WARNING Concerningly, the ATO states that in some cases, from 1 July 2021, the new law could lead to all income derived by an SMSF being taxed at 45%. These rules increase the pressure on trustees to ensure that all transactions are on commercial terms.

Focus on investment strategies

A key requirement for SMSF members is to ensure that their fund conducts investments in line with a properly considered plan – called an ‘investment strategy’. It is a legal requirement for SMSF trustees to prepare, implement and regularly review their investment strategy. Although trustees may seek professional investment advice, the ATO considers that trustees are ultimately responsible for complying with the investment strategy requirements.

As the regulator of SMSFs, the ATO recently wrote to around 17,700 SMSF trustees. The ATO was concerned that the investment strategies of these funds had not adequately considered the risks of ‘putting all their eggs in one basket’ (i.e., by having a lack of diversification within the fund’s investments).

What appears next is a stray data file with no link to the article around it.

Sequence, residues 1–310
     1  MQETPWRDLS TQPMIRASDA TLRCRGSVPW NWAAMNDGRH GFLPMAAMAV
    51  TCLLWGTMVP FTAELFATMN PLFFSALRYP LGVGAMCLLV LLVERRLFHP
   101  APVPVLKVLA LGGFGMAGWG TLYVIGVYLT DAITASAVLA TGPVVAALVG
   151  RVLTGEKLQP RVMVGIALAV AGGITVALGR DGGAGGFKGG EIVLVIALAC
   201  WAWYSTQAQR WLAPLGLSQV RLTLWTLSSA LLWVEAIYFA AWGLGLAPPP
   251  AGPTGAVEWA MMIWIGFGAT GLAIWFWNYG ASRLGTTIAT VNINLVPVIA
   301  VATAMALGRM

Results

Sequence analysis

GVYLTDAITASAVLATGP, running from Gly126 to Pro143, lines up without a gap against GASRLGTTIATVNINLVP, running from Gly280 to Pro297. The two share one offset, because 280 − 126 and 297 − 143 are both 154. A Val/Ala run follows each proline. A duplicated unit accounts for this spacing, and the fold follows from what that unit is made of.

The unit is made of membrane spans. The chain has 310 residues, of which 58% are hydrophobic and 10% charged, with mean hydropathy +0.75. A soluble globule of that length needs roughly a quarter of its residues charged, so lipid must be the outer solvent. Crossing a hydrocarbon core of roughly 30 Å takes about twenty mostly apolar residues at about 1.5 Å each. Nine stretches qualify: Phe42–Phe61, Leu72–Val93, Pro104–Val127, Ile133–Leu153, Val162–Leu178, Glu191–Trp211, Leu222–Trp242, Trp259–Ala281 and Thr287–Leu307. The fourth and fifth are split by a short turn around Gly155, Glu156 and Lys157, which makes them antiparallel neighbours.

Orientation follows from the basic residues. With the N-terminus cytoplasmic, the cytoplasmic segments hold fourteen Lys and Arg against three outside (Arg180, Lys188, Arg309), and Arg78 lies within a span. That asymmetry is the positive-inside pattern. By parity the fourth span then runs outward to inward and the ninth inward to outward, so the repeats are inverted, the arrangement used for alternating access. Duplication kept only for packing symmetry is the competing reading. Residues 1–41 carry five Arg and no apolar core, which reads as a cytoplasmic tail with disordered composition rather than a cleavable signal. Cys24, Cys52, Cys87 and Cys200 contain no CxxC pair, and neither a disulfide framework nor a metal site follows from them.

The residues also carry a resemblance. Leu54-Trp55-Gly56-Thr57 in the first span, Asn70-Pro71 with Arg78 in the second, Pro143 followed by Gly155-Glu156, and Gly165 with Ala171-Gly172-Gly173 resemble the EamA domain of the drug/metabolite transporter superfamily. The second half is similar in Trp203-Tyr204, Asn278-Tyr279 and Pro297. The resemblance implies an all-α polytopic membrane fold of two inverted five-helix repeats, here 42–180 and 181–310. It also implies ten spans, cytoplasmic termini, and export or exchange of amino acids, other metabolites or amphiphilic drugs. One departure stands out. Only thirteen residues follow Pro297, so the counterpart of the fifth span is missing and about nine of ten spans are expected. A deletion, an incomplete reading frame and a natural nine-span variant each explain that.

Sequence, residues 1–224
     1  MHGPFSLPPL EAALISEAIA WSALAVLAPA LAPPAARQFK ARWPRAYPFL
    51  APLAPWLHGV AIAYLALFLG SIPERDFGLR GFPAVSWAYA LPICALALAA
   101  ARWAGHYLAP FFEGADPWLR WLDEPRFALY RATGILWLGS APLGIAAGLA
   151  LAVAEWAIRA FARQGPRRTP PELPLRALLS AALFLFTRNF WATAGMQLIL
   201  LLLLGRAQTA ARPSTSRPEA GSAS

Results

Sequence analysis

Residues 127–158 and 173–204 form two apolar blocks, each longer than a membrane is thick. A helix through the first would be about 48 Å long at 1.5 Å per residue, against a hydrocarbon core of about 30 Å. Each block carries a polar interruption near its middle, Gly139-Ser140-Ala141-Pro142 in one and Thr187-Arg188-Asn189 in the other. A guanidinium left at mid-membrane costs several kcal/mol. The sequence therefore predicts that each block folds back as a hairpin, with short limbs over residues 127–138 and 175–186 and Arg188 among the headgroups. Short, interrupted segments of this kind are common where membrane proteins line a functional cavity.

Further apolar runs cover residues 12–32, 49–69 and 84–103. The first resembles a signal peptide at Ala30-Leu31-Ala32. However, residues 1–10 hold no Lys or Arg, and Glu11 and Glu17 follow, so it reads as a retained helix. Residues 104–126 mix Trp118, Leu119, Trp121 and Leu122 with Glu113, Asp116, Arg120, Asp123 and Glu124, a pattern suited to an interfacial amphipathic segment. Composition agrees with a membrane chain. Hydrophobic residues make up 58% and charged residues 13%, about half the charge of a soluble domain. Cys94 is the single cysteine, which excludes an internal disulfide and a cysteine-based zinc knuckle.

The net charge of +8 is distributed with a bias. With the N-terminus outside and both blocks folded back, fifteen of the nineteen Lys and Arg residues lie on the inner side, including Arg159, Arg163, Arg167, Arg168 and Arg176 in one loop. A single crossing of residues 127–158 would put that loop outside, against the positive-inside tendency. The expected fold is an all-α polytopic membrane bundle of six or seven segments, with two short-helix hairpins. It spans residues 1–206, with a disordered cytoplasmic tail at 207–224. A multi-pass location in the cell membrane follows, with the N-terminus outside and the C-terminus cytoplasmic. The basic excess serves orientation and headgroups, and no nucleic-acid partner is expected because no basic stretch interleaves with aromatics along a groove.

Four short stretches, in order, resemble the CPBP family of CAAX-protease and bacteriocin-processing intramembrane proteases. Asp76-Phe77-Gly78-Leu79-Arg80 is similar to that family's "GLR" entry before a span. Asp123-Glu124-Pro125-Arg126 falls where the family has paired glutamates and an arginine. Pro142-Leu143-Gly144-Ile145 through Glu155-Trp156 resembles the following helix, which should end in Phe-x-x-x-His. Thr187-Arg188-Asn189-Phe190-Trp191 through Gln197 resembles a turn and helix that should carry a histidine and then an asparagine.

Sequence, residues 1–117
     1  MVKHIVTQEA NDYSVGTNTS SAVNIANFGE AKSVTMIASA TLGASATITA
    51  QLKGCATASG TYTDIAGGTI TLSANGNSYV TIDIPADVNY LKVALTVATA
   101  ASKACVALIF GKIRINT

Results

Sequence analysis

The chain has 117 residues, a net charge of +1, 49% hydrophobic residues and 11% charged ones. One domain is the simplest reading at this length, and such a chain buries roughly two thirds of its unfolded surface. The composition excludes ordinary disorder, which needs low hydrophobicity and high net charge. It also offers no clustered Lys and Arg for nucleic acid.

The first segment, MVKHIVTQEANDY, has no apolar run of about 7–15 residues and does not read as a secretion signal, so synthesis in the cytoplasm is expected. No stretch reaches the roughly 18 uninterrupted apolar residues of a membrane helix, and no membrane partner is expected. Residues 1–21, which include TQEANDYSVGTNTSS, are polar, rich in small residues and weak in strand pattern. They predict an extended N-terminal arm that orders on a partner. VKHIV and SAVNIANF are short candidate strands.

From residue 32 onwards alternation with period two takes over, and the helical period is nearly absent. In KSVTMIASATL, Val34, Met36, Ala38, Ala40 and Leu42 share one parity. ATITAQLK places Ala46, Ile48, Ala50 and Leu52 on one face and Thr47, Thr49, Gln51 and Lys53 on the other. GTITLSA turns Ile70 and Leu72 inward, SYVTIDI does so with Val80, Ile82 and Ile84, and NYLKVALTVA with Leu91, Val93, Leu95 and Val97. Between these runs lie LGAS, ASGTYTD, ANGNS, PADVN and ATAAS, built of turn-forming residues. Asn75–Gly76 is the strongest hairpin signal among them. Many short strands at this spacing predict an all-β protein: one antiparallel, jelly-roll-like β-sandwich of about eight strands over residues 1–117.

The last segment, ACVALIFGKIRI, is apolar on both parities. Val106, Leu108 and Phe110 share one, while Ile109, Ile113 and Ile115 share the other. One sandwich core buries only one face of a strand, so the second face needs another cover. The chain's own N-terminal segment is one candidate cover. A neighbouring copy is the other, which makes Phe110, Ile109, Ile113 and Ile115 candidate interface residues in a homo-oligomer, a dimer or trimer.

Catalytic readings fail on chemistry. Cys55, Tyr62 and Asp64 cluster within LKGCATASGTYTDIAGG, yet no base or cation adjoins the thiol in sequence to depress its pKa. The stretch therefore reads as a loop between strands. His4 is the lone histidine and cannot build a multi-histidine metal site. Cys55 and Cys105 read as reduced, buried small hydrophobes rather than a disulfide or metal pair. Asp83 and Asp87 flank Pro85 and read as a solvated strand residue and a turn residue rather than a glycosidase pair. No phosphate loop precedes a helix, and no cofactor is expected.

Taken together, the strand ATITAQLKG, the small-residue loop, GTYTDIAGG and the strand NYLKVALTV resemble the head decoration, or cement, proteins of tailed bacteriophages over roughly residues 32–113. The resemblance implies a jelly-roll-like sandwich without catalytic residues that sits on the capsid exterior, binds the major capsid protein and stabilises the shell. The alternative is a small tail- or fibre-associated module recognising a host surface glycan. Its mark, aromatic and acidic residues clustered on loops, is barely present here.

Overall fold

Subsequently, the ATO has published a fact sheet (QC 23320) outlining its views on a range of issues regarding the investment strategy – such as what needs to be included in the strategy.

INFO The ATO view is that the investment strategy is not a ‘set and-forget’ compliance document. It expects trustees to review the strategy and ensure it is current and caters for the needs of all members.

2017 superannuation reforms 

Major superannuation reforms were introduced with effect from 1 July 2017, including:

  • The ‘transfer balance cap’ (initially set at $1.6 million), which limits the amount of superannuation that can support a ‘retirement phase’ pension (e.g., an account-based pension); and